U.S. Attorney General Says Cannabis is NOT a Gateway Drug

The federal government’s leading law enforcement official took a popular anti-legalization fallacy to town by openly declaring that cannabis does not open doors to try harder drugs. U.S. Attorney General Loretta was a special guest speaker at a town hall for heroin awareness on Sept 20th in Richmond, Kentucky where she discussed this issue with a group of high school students. When a student asked her if she believed that recreational use of cannabis would lead to opioid abuse, she responded, “When we talk about heroin addiction, we usually, as we have mentioned, are talking about individuals that started out with a prescription drug problem, and then because they need more and more, they turn to heroin. It isn’t so much that marijuana is the step right before using prescription drugs or opioids.” She also added, “it is true that if you tend to experiment with a lot of things in life, you may be inclined to experiment with drugs, as well. But it’s not like we’re seeing that marijuana is a specific gateway.”

To build on this argument, she stated earlier that the leading cause behind the heroin epidemic is in fact, prescription drugs. “When you look at someone that, for example, has a heroin problem, it very often started with a prescription drug problem. Something totally legal. Something in every medicine cabinet. Something you can have prescribed to you in good faith by a doctor,” she said.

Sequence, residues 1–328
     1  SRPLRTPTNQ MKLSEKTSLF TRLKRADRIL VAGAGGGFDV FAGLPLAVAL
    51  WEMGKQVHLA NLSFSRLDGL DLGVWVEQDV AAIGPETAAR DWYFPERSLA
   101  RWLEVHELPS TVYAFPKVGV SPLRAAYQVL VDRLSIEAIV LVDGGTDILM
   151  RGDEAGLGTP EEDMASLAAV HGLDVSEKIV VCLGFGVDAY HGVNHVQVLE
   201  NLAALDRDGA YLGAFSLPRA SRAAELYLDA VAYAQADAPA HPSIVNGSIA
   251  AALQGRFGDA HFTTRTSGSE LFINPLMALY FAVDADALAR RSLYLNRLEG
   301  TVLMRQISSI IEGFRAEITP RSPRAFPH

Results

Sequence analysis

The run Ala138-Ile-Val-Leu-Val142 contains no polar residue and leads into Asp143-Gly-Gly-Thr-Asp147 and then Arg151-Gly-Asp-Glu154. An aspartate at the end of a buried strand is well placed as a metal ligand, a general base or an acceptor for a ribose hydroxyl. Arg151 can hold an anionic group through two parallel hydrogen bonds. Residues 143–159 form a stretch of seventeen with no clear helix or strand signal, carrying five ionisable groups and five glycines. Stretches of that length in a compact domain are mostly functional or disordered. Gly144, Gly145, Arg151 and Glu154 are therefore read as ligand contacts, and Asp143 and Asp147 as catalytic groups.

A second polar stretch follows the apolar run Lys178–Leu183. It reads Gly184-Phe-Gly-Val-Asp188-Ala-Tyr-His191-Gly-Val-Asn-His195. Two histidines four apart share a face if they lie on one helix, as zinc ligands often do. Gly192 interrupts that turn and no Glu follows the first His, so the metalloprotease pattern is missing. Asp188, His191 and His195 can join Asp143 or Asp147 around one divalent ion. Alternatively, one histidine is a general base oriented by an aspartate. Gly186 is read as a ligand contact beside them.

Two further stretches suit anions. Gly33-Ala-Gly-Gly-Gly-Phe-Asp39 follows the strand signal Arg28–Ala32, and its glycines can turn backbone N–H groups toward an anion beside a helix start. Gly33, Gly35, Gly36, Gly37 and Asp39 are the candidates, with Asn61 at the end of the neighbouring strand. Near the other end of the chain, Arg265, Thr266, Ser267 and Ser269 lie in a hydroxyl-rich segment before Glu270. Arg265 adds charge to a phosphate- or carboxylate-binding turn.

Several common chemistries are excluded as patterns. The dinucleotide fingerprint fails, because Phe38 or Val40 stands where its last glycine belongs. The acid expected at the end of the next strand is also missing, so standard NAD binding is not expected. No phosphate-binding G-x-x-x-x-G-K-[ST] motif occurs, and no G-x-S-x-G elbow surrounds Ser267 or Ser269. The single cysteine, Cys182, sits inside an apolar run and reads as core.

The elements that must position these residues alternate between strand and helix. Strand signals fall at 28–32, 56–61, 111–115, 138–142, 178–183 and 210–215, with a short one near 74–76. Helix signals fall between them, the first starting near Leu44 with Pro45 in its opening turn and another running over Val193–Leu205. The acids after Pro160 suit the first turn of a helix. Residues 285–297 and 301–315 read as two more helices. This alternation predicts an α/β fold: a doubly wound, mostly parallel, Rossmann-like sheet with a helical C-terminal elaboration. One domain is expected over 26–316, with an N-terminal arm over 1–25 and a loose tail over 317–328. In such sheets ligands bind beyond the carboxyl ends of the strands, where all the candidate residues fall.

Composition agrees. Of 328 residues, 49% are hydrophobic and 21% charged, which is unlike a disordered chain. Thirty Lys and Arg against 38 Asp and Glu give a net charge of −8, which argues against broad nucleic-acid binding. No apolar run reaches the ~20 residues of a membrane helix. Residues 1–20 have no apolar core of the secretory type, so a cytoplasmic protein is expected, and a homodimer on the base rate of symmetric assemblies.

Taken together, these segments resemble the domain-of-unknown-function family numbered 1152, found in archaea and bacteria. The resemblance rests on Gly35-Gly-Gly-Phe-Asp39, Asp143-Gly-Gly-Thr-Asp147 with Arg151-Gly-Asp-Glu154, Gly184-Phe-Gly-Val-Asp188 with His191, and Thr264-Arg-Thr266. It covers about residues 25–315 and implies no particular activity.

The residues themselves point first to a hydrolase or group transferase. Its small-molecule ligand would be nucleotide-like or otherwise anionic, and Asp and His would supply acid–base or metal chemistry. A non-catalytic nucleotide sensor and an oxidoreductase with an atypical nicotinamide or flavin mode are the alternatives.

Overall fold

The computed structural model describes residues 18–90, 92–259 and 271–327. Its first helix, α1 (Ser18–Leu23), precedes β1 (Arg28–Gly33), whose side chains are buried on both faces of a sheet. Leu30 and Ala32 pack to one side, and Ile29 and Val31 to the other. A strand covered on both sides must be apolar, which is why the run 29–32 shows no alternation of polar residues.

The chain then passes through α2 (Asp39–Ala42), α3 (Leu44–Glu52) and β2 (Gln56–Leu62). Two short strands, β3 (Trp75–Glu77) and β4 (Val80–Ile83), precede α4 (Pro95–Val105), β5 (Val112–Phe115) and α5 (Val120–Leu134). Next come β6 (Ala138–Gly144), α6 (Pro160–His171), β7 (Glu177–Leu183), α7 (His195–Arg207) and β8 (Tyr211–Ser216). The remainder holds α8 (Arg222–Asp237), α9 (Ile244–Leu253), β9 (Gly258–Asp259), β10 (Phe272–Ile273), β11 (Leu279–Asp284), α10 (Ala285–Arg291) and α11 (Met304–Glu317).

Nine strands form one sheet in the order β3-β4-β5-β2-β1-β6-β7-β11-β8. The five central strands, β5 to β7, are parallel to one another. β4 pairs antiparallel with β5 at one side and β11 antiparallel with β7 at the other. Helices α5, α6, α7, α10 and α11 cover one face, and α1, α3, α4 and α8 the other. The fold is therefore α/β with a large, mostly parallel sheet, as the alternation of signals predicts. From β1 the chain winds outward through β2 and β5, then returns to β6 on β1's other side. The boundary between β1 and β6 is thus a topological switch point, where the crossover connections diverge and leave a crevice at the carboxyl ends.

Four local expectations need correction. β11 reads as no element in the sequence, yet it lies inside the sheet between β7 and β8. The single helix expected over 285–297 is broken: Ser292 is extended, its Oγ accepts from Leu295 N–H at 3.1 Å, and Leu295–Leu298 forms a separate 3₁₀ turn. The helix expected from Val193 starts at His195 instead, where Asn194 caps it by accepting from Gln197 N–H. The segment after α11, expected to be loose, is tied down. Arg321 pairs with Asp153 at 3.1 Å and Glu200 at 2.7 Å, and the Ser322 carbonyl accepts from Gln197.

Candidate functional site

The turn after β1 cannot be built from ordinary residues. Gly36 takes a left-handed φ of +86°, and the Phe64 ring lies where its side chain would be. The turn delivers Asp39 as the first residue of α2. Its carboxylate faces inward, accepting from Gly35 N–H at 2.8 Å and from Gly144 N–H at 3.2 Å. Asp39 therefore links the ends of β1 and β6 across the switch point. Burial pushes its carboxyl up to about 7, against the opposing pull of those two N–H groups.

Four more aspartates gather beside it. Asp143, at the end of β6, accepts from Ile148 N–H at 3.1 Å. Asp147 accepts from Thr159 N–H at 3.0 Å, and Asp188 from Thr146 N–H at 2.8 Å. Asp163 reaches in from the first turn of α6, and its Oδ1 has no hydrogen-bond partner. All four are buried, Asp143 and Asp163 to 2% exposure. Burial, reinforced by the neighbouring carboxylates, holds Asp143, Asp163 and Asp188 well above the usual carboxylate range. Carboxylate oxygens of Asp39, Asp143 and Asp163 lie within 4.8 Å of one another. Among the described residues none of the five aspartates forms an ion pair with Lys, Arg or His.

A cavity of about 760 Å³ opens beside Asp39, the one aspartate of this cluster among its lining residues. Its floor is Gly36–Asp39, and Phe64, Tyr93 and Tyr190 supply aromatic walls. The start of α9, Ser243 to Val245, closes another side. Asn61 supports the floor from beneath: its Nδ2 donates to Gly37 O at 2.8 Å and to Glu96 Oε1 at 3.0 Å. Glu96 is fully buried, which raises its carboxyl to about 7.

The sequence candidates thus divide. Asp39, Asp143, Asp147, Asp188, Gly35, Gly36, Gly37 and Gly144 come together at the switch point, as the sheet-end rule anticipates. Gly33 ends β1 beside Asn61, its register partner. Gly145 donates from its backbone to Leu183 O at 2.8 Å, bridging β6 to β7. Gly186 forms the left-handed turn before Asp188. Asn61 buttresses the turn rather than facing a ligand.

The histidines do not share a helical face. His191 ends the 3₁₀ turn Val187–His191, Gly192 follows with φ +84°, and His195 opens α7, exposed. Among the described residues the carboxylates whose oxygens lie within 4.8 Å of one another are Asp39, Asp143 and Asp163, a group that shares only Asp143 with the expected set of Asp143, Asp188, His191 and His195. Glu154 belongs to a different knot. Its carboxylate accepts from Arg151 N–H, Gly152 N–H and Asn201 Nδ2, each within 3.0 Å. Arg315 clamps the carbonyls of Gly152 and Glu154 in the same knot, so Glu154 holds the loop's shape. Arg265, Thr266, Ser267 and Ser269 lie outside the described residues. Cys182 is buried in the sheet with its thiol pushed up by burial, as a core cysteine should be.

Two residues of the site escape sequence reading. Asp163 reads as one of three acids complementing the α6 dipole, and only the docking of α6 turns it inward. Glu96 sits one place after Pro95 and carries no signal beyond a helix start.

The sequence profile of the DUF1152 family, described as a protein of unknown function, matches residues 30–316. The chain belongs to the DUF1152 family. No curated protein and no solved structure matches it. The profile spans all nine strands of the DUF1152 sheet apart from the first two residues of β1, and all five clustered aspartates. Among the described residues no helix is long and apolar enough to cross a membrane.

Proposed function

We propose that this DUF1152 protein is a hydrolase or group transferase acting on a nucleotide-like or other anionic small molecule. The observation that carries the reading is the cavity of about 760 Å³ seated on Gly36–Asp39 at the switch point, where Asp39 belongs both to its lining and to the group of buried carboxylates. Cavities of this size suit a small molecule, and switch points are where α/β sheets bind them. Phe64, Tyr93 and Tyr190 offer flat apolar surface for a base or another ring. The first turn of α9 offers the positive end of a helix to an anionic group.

This is a remarkable turn of her views on cannabis since she was first sworn into office in January of 2015 when she vocally declared her opposition to marijuana legalization. Furthermore, her admission coincide with the findings of the National Institute on Drug Abuse which states that the majority of people who use cannabis do not go on to use other, harder drugs. Further research and studies back her declarations in which the Journal of the American Medical Association reports a 25% decrease of opioid related deaths in states with cannabis legalization and that Monitoring the Future found that more college students who are using cannabis have become less reliant on painkillers.

With countless government sanctioned studies debunking the gateway myth that demonized the plant for almost a century, this long awaited public confirmation from one of our highest ranking law enforcement officials may indeed be the closest thing yet to an official stamp of approval by the federal government.

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